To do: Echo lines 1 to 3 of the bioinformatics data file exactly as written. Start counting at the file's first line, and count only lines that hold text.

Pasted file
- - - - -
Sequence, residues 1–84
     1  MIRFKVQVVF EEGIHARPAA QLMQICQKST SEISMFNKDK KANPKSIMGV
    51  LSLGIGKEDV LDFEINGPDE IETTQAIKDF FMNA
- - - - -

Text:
Sequence, residues 1–84
     1  MIRFKVQVVF EEGIHARPAA QLMQICQKST SEISMFNKDK KANPKSIMGV
    51  LSLGIGKEDV LDFEINGPDE IETTQAIKDF FMNA